A few minutes to understand… opportunity cost for wellness professionals

2 minutes reading time
A diagram of two roads separating into two directions (northeast and northwest) The roads are labelled A and B respectively, and road A has a tick beneath it, and a hand pointing to it, symbolising a choice has been made.

What is this?

Opportunity cost‘ is the benefit that is missed or given up when you choose one alternative over another.

If you like to assign values to things, as economists are wont to do, then you might define it as:

the value of the most valuable choice
out of those that were not taken

Whether money, time or emotional energy, everything you do has a cost.

The opportunity cost is not just what you are spending directly on your decision, it is what you no longer have available to spend on anything else.

Here’s a rather good video on the subject.

How is this useful to me?

Consider the opportunity cost of every decision, and it will help you become a more strategic thinker, always seeing the bigger picture.

This heightened awareness can be of great help in staying on track to achieving your goals.

Example #1

A call center worker is taking evening classes to qualify as a reflexologist, with the ambition of eventually leaving their current job to become a self employed, mobile therapist.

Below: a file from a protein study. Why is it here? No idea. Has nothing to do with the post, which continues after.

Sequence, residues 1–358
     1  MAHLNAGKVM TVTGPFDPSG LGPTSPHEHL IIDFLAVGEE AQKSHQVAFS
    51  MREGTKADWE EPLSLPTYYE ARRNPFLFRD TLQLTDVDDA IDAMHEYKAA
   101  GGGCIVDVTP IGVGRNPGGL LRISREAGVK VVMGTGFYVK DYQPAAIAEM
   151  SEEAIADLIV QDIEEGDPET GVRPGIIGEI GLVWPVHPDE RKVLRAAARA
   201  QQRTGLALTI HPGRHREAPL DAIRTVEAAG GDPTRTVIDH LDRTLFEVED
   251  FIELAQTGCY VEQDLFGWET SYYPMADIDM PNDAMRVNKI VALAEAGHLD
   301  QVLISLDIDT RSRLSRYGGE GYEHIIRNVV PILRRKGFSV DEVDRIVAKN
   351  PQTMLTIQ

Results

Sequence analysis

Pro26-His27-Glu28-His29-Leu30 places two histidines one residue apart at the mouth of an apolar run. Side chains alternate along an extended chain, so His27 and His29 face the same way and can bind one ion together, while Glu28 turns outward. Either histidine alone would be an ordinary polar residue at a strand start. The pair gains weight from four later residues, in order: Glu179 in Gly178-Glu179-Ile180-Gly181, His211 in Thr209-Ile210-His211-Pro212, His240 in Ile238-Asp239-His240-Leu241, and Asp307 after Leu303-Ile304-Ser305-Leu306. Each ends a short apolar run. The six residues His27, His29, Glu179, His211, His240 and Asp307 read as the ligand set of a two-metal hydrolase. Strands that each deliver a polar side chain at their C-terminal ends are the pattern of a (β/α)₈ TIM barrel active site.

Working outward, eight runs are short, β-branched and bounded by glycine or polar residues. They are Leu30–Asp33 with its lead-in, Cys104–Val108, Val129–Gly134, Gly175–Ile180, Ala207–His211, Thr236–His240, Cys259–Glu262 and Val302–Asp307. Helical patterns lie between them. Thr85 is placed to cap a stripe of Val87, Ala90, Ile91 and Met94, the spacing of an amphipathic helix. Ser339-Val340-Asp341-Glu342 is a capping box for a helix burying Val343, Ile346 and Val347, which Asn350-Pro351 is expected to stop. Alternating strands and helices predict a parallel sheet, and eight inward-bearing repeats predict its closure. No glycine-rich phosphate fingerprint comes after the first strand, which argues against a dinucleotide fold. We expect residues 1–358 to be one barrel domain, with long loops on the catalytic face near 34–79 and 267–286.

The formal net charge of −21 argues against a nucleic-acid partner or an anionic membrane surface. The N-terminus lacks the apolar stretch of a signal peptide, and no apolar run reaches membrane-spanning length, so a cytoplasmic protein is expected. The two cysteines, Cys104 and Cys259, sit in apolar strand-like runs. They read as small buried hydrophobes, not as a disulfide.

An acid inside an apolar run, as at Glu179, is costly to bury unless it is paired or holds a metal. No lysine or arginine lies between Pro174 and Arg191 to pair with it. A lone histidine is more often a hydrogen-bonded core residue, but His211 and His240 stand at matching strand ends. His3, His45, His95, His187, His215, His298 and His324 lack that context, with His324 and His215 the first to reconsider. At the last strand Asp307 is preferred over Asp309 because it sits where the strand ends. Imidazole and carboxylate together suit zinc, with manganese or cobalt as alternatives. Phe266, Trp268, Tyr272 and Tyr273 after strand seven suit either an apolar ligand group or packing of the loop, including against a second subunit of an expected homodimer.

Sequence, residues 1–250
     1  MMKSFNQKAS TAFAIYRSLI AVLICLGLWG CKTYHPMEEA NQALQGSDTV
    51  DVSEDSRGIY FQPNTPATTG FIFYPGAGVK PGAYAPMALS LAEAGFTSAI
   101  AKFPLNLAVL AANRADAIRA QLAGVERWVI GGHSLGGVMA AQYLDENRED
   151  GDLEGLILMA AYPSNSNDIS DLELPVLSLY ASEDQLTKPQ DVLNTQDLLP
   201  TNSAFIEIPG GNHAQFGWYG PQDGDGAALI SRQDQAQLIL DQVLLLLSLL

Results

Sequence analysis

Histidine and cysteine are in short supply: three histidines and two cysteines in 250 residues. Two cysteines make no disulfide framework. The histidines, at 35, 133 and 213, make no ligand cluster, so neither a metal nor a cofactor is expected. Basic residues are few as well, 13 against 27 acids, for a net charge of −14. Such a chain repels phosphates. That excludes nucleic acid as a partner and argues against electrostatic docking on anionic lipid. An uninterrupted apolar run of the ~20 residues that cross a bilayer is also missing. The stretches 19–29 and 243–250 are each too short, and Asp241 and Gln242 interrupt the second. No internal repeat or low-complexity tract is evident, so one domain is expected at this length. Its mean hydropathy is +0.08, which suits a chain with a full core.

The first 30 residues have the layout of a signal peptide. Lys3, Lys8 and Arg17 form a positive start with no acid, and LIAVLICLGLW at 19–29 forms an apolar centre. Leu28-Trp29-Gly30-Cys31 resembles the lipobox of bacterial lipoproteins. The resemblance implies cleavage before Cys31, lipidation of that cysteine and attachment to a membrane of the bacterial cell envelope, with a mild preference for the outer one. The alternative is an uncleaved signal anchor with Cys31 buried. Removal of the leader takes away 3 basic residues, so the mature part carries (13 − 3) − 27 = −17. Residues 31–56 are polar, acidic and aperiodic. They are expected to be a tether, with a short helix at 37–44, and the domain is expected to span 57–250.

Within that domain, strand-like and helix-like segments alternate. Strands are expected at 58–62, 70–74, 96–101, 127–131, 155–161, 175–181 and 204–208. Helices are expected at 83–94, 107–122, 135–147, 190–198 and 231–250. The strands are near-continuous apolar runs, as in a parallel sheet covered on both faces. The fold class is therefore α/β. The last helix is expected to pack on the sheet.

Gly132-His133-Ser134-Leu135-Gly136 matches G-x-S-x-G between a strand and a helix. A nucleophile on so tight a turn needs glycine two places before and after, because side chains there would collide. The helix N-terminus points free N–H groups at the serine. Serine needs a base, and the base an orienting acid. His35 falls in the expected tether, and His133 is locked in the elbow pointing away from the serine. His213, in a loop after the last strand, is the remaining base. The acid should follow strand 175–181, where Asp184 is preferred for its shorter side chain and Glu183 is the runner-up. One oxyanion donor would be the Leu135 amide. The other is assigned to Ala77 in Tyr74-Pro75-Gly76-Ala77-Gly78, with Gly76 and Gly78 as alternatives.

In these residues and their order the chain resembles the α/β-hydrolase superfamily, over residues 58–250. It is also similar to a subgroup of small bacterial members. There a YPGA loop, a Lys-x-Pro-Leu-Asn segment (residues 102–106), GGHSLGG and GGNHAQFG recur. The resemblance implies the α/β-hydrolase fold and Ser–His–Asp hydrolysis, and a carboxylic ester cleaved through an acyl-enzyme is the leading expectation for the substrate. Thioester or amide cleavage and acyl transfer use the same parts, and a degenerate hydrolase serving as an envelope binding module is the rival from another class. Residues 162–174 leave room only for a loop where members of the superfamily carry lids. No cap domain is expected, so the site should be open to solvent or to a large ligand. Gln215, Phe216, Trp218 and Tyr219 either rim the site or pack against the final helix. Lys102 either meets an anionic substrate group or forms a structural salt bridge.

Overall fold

With a holiday to save for, they decide to work extensive overtime hours at the call centre.

The extra hours brings in the money they need to book their holiday, but they’re now too tired to focus properly during their evening lessons, nor to study at the weekend.

The opportunity cost of the holiday & overtime, is the steady progress they had been making towards their objective of changing careers.

Example #2

A hairdresser & beauty therapist runs a busy salon with limited space. The side of the wall next to the reception is taken up with a a range of branded hair products. The products sell reasonably well and generate a steady if unspectacular profit every week.

Considered in their own right, this would be a sound business decision. Profit = good. Therefore, continue as is!

An opportunity cost mindset on the other hand, would prompt them to consider:

“What is the best possible use of that space?”

Conscious that there is probably something better out there, they keep an eye out, and eventually settle on a nail stand that they see in another salon, that will generate even more income (even after allowing for setup costs).

Best used with…

In order to use opportunity cost to its full potential, you should be clear as to what your objectives are.

What is your overall gameplan? Where do you want to be in a year’s time? What is really important to you?

When you know what your most important objectives are (ideally decided during a planning session), the opportunity cost principle helps you to keep focused.

Applying opportunity cost = letting a second-best option pass by in order to achieve the top priority.

Other useful Minutes

Bite sized guides to concepts that could help you attract clients, reduce costs, or run your business more efficiently:

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